Because I was deeply engaged in the community and at home, it wasn’t part of the plan to come back to Toyota. I had to think carefully about this decision.

I took on the position because I understood I would be able to do more for the community with Toyota’s support than I could on my own. It felt like it was a win-win.

In my role leading community engagement, I represent Toyota Research and Development, headquartered in Ann Arbor. They’ve been in Southeast Michigan for 40 years, and my role is to help Toyota make a positive impact and be in active service to the community.


I was working full time, raising my children, and deeply in my community. After some thought, I knew I wanted to continue doing community work and spend more time with my young family.

I decided to take a hiatus from Toyota and left the company for two and a half years. I was at home doing community work and raising my daughters who, at the time, were in 5th and 2nd grade.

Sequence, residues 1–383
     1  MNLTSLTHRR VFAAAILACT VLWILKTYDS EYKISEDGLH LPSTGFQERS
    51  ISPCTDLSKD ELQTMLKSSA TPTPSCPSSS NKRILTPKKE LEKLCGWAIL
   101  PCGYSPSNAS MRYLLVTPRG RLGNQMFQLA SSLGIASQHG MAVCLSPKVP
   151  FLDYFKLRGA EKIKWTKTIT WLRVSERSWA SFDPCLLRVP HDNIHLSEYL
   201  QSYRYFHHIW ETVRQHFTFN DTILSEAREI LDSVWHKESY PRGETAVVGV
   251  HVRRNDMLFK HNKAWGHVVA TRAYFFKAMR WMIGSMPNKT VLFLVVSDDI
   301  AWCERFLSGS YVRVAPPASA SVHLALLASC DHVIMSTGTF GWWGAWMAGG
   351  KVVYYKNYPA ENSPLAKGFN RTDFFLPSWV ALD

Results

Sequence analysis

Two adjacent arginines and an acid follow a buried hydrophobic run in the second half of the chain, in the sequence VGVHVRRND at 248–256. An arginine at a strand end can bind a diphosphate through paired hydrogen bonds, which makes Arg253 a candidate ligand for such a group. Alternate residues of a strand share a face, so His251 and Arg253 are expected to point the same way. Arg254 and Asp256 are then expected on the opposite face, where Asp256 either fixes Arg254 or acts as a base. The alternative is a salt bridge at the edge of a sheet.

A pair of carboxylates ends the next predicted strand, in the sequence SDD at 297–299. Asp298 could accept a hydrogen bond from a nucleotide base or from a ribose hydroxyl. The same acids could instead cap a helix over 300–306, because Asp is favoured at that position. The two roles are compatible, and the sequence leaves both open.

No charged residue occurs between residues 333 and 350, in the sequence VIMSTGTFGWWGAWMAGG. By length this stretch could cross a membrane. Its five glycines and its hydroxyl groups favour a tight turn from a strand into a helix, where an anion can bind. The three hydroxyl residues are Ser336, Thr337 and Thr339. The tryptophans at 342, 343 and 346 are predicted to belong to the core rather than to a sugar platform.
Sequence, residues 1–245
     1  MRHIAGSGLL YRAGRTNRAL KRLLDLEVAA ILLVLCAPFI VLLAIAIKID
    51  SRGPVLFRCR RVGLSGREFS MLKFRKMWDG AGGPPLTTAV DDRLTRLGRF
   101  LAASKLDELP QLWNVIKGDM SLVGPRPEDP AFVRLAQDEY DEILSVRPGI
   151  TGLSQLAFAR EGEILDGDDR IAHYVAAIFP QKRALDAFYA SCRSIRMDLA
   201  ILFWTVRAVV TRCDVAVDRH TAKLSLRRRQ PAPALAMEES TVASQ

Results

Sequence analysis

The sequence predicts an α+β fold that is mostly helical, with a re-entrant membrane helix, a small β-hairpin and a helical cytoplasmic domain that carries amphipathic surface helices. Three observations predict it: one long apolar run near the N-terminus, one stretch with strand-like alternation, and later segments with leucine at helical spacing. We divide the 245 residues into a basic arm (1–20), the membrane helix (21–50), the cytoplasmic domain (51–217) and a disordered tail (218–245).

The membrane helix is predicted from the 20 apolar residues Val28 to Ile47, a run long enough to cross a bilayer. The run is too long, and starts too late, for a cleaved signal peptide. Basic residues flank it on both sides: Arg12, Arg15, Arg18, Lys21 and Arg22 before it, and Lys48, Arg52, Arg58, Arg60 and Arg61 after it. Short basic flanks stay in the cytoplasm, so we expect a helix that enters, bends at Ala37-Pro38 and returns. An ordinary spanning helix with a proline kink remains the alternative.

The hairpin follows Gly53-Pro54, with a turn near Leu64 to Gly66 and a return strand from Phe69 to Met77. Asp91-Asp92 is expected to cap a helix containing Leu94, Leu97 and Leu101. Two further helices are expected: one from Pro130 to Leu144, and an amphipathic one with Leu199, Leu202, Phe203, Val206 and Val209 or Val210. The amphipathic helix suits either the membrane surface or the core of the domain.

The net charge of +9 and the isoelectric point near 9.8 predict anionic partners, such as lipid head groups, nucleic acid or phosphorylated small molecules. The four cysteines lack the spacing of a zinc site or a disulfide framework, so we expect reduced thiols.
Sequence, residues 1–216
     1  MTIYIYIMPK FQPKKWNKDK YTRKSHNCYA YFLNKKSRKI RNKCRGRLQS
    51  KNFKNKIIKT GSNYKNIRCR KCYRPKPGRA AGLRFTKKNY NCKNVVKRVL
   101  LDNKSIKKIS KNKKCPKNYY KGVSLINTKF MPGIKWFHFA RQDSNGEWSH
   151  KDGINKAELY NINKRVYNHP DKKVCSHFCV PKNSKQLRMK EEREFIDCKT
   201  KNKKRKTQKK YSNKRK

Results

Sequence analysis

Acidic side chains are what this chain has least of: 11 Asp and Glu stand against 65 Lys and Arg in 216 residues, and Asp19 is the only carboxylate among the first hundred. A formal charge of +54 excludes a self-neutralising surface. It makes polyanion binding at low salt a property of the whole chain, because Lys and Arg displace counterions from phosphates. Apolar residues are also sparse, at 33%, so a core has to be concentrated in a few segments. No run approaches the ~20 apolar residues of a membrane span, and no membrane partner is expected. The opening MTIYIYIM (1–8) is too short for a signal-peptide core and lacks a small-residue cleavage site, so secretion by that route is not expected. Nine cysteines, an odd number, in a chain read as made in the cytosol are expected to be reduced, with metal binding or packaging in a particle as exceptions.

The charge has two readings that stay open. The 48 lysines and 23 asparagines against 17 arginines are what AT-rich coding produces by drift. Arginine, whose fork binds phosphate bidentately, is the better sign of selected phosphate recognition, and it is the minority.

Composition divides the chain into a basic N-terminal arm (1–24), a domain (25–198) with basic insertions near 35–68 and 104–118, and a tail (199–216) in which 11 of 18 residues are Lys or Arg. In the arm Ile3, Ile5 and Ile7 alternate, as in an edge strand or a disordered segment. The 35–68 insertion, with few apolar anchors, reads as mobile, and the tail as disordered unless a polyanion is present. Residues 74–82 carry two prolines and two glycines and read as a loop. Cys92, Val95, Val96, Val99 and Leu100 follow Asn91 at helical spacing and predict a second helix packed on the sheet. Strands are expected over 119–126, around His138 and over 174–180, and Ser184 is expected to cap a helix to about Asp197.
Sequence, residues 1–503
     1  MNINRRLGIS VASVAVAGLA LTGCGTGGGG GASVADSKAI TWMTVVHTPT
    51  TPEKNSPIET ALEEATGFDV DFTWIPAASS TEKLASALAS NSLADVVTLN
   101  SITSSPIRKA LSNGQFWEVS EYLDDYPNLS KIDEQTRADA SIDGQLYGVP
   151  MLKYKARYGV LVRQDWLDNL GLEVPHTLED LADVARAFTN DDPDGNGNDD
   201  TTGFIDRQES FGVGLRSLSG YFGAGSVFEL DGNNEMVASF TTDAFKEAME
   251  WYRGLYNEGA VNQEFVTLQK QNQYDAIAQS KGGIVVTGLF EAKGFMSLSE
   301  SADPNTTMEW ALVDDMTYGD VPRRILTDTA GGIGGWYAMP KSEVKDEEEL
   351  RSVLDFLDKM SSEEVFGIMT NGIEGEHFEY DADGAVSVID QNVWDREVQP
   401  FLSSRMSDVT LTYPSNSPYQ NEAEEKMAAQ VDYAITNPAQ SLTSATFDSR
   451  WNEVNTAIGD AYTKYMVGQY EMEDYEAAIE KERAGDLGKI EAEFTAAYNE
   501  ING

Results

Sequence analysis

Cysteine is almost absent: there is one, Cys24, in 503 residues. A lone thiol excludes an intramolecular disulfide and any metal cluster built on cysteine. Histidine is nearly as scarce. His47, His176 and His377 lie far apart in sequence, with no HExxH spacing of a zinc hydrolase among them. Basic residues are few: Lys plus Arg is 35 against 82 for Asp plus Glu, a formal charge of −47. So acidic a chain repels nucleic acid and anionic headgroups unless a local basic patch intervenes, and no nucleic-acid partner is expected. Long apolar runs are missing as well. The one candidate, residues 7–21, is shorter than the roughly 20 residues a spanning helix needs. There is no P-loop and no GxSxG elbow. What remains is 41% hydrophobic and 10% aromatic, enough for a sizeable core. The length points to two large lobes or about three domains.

I felt like my past experiences lent themselves to ideas and solutions that helped the community-based organizations (CBOs) I served become better. They kept asking for my opinion on things and inviting me to be on boards and committees. I often said yes because I could see that my input and involvement made a difference.

During this time, I worked to restore the Thurston Nature Center and became their marketing chair. We fundraised to restore the pond to bring back its wildlife, and we built a nesting island for birds to help repopulate the aquatic life. I also continued to be involved in my local area non-profits and worked to improve processes and communication, elevating them to the next level. Best of all, I could do all of this from home in my comfy yoga pants. I was also on the board for the Ann Arbor Art Center, a Parks Commissioner for the City of Ann Arbor Parks, and a member of the STEM Committee of the Ann Arbor Educational Foundation.